http_response_time_seconds_main_page_sum: sum(rate(http_server_request_duration_seconds_sum{method="GET",route="/",status_code="200",job="$SERVICE-$PROJECT-$STAGE-canary"}[$DURATION_SECONDS])/rate(http_server_request_duration_seconds_count{method="GET",route="/",status_code="200",job="$SERVICE-$PROJECT-$STAGE-canary"}[$DURATION_SECONDS]))
  http_requests_total_sucess: http_requests_total{status="success"}
  go_routines: go_goroutines{job="$SERVICE-$PROJECT-$STAGE"}
  request_throughput: sum(rate(http_requests_total{status="success"}[$DURATION_SECONDS]))

Keptn requires a performance specification for the quality gate. This specification is described in a file called slo.yaml, which specifies a Service Level Objective (SLO) that should be met by a service. To learn more about the slo.yaml file, go to Specifications for Site Reliability Engineering with Keptn.

Activate the quality gates for the helloservice. Therefore, navigate to the delivery/keptn folder and upload the slo.yaml file using the add-resource command:

keptn add-resource --project=pod-tato-head --stage=hardening --service=helloservice --resource=slo.yaml --resourceUri=slo.yaml

This will add the slo.yaml file to your Keptn - which is the declarative definition of a quality gate. Let's take a look at the file contents:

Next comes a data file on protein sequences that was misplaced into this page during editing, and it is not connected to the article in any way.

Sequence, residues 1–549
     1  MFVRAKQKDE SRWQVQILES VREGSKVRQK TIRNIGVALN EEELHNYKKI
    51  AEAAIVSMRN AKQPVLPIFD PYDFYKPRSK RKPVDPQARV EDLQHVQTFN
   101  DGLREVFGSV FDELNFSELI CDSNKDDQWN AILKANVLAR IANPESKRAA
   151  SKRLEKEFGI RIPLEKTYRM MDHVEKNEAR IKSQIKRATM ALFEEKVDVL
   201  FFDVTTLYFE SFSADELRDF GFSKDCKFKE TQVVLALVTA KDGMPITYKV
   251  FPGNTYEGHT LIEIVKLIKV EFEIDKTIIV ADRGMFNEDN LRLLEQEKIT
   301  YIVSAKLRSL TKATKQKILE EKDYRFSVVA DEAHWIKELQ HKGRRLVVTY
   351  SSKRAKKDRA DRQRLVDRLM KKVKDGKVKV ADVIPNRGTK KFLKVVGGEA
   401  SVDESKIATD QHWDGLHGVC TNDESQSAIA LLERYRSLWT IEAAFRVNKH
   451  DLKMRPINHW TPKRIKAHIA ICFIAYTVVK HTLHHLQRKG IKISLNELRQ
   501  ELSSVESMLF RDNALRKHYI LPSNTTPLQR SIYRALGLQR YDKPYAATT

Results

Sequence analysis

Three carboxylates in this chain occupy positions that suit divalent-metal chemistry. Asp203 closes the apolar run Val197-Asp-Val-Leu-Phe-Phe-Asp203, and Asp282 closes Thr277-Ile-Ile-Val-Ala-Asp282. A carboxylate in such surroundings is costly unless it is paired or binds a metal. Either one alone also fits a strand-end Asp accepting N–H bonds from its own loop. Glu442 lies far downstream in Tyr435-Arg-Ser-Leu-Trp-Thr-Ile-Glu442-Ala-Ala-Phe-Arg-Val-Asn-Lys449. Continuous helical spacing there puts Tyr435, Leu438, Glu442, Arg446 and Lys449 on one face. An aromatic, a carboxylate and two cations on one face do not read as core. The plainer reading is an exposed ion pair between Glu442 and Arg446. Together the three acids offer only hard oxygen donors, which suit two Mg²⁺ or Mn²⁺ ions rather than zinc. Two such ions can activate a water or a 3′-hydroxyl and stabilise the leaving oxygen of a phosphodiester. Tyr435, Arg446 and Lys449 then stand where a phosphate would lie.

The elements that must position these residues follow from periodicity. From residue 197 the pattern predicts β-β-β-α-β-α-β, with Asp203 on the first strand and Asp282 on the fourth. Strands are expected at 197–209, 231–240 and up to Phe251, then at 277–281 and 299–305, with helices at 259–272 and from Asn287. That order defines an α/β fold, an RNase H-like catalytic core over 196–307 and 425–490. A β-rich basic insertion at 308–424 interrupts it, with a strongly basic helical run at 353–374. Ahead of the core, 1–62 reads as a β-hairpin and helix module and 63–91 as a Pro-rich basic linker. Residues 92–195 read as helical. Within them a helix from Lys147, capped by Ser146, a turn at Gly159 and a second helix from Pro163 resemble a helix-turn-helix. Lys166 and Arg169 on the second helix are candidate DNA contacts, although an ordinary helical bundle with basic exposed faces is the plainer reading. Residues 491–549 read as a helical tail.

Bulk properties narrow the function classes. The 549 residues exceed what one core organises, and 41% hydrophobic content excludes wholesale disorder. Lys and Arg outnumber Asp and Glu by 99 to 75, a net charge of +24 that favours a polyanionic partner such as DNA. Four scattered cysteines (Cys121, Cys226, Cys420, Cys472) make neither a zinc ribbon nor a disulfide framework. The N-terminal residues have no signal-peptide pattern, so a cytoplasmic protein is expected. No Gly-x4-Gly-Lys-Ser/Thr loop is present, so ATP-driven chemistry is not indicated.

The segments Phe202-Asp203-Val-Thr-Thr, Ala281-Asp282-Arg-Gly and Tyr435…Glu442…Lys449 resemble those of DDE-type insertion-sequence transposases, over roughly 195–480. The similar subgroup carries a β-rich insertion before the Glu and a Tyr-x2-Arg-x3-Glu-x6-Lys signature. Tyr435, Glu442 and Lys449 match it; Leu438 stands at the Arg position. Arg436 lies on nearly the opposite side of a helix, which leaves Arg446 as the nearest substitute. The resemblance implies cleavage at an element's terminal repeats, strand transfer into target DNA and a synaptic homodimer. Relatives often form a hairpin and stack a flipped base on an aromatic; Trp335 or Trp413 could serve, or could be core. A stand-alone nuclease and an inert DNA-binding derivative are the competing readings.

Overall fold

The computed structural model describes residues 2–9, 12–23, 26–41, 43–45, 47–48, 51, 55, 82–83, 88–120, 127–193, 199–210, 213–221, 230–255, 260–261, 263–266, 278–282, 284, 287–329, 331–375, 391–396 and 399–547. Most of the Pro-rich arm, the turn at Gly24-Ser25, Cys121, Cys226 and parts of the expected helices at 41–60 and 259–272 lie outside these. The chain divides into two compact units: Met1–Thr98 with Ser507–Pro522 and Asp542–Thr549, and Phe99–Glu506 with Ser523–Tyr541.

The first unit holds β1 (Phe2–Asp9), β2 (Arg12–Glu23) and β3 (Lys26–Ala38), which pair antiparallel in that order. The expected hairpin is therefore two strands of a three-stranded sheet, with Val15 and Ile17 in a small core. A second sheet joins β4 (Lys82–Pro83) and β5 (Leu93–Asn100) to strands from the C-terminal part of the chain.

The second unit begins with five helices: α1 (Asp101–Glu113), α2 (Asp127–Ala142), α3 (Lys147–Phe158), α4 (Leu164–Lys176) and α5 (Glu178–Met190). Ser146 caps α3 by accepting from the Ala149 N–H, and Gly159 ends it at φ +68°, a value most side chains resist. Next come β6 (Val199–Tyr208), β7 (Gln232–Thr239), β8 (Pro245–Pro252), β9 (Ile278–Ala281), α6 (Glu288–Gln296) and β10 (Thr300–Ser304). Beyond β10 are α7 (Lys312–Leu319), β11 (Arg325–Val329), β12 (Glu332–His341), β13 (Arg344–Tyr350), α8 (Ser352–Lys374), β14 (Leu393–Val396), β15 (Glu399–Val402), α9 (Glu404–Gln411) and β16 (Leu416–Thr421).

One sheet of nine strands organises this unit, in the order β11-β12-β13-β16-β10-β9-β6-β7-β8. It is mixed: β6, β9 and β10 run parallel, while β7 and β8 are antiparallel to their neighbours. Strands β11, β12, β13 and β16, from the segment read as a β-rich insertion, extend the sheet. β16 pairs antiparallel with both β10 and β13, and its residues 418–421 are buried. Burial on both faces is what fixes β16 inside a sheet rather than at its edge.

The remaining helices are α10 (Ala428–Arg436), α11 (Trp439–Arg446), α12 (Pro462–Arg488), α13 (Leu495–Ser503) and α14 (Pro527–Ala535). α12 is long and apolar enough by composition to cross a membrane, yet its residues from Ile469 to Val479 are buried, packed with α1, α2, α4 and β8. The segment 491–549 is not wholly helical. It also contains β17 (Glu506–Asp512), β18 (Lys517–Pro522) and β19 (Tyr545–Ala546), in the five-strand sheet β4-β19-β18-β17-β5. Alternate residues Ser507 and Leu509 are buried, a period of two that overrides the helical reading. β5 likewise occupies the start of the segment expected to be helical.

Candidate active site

spec_version: '0.1.0'
  compare_with: "single_result"
  include_result_with_score: "pass"
  aggregate_function: avg
  - sli: http_response_time_seconds_main_page_sum
      - criteria:
          - "<=1"
      - criteria:
          - "<=0.5"
  - sli: request_throughput
      - criteria:
          - "<=+100%"
          - ">=-80%"
  - sli: go_routines
      - criteria:
          - "<=100"
  pass: "90%"
  warning: "75%"

You can now deploy another artifact and see the quality gates in action.

keptn trigger delivery --project="pod-tato-head" --service=helloservice --image="gabrieltanner/hello-server" --tag=v0.1.1

After sending the artifact you can see the test results in Keptn Bridge.

  1. Use the Keptn CLI to deploy a version of the helloservice, which contains an artificial slowdown of 2 second in each request.